11 SES 04, Educational Reforms and Leadership
In recent years, governing regimes in education that emphasize performance management and accountability have been introduced in several countries. Various types of assessment tools which produce ‘data’ on student performance provide a basis for generating information that are expected to be used for policy making and to motivate change in education. Data in itself is often considered to be efficient, standardized, uniform, and intuitive measures productive for usage in a range of processes for the development of education, teaching and learning (Porter, 1995, 2012). On the other hand, the very same attributes can lead to exaggerated expectations of what can be achieved on the basis of data and simplification of complex education processes - consequently what can be described as the alluring attributes of data and data use might mask important aspects, knowledge and nuances in education important for productive developments (authors, 2017). Knowledge about the various ways in which data are used in education is crucial to evaluate possible developments in terms of governing education and improving educational practices (Coburn & Turner, 2011; Kelley & Downey, 2012; Little, 2012; Spillane, 2012; Jennings, 2012; Racherbäumer et al., 2013; Schildkamp et al., 2014). Furthermore, the fact that research on data use has predominantly been presented within an Anglo-American context and that the investigative modes within the field have been found to vary depending on geographic location and educational systems makes a call for studies on data use in European education contexts (authors, 2017).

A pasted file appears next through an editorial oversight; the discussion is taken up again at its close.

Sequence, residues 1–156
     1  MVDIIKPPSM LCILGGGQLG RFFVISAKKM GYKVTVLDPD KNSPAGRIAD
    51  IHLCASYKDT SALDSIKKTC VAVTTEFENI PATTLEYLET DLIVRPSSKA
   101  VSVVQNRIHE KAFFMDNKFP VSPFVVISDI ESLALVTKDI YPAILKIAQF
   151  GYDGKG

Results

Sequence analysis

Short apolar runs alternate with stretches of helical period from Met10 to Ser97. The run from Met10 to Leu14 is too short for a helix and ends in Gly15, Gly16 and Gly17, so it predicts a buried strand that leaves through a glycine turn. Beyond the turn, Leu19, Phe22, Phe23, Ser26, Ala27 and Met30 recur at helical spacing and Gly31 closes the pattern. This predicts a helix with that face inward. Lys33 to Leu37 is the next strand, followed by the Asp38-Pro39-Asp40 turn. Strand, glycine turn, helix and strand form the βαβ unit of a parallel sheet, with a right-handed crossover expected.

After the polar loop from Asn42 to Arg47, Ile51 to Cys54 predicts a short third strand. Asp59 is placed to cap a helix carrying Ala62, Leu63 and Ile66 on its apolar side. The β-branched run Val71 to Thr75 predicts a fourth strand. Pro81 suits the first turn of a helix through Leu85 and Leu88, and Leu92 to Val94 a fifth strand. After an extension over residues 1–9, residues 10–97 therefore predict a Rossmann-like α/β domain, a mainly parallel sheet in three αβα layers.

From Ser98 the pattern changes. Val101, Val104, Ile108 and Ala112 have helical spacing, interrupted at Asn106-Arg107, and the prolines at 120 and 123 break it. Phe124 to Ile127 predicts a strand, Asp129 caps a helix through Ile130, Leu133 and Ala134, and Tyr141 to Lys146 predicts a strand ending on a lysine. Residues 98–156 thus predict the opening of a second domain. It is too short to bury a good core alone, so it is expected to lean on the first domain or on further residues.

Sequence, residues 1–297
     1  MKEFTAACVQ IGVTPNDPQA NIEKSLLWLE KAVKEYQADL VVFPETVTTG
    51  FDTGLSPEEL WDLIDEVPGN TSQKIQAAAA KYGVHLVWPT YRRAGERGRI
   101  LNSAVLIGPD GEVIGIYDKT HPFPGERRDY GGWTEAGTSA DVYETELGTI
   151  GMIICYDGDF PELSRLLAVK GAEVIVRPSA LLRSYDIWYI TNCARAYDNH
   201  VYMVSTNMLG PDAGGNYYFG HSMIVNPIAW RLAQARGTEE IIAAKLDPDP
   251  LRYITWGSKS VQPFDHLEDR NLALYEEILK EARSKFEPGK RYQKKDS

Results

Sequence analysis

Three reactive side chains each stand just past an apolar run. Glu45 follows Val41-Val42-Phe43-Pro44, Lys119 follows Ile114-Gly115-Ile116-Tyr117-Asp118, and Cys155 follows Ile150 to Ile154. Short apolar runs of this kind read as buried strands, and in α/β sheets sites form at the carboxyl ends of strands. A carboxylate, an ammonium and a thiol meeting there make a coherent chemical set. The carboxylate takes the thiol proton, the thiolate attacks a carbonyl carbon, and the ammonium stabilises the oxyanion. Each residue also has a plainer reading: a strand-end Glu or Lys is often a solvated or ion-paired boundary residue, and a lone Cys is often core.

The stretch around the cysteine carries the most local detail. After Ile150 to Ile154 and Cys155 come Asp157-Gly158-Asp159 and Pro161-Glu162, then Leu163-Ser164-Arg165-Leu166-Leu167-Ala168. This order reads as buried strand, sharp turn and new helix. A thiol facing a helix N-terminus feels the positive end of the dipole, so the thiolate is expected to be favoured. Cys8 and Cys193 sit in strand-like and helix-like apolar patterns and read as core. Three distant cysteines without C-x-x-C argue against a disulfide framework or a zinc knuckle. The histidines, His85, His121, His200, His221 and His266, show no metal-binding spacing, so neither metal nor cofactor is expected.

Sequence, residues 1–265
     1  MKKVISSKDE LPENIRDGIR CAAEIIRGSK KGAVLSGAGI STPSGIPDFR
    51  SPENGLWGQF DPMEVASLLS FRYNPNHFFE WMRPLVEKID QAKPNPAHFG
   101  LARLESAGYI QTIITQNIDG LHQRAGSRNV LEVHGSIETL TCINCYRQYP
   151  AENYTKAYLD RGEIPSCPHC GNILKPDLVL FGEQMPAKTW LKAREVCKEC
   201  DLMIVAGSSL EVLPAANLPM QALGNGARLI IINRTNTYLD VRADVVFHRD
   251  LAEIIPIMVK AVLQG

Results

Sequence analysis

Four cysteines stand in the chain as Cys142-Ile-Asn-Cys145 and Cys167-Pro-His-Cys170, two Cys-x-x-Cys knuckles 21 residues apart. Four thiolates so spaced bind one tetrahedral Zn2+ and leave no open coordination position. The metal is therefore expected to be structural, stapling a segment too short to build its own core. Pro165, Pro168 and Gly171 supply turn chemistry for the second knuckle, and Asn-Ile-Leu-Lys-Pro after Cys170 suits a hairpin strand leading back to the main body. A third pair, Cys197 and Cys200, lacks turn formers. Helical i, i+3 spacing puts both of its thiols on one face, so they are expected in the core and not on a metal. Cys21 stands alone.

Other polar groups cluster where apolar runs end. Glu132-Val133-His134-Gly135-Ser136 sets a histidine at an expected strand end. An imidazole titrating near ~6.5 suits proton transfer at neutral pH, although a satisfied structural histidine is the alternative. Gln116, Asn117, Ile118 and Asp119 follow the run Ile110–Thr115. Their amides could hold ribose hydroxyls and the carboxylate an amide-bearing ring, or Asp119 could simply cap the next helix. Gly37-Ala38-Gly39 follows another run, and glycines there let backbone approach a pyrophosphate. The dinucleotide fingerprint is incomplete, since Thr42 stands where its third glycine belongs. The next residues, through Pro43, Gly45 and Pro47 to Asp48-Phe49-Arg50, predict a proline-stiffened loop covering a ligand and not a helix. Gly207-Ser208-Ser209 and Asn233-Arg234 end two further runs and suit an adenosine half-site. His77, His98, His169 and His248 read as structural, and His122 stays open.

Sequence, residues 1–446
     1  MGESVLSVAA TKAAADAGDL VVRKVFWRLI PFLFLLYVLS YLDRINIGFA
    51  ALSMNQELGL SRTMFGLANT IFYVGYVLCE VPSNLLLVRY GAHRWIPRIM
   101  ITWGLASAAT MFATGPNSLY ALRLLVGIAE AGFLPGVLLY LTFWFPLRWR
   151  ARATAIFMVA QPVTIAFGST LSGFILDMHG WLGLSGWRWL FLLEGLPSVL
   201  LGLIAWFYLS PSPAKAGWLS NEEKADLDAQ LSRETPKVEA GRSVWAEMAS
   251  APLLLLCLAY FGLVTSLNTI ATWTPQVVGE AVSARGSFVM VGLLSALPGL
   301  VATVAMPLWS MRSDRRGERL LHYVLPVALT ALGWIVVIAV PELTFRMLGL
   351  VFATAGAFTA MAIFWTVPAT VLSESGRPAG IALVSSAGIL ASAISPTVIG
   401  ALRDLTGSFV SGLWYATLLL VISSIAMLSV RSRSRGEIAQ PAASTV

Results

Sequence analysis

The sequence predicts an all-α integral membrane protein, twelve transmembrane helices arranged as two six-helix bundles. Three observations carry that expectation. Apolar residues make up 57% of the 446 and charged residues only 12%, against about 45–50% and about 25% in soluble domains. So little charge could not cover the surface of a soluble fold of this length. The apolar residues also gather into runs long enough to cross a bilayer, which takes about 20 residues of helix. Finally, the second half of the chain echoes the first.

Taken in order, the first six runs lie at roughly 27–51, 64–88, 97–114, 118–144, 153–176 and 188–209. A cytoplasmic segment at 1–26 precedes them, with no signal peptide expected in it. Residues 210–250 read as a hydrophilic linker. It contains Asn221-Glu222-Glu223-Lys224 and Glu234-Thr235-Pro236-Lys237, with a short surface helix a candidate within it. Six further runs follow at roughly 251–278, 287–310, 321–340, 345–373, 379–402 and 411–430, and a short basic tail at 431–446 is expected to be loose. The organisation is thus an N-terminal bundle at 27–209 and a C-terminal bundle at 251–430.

The use of data for governance purposes represents new ways for national authorities to coordinate activities across administrative levels to improve educational quality (Altrichter & Merki, 2010). A central policy of action related to data use is to improve teaching and learning by placing the responsibility for educational change and improving student learning outcomes on the municipal level (Farrell & Coburn, 2017). However, in contrast to the abundance of studies on educational leadership, researchers have overlooked the importance of the municipal level in systemic education reforms (Rorrer et al., 2008, Avidov-Ungar & Reingold, 2016). Data use matters are often researched on the national policy level or at school level, while the issues experienced at mid authority level seldom are investigated. Thus, the aim of this study is to investigate how data are conceptualised and used at municipal level among administrators and in local policy with Norway as an example, and discuss what implications this might have for the local governing of schools. In particular the analysis emphasises how numbers and data from national tests and examinations are used at local authority level in policy documents and further how this is understood, experienced and interpreted by administrators.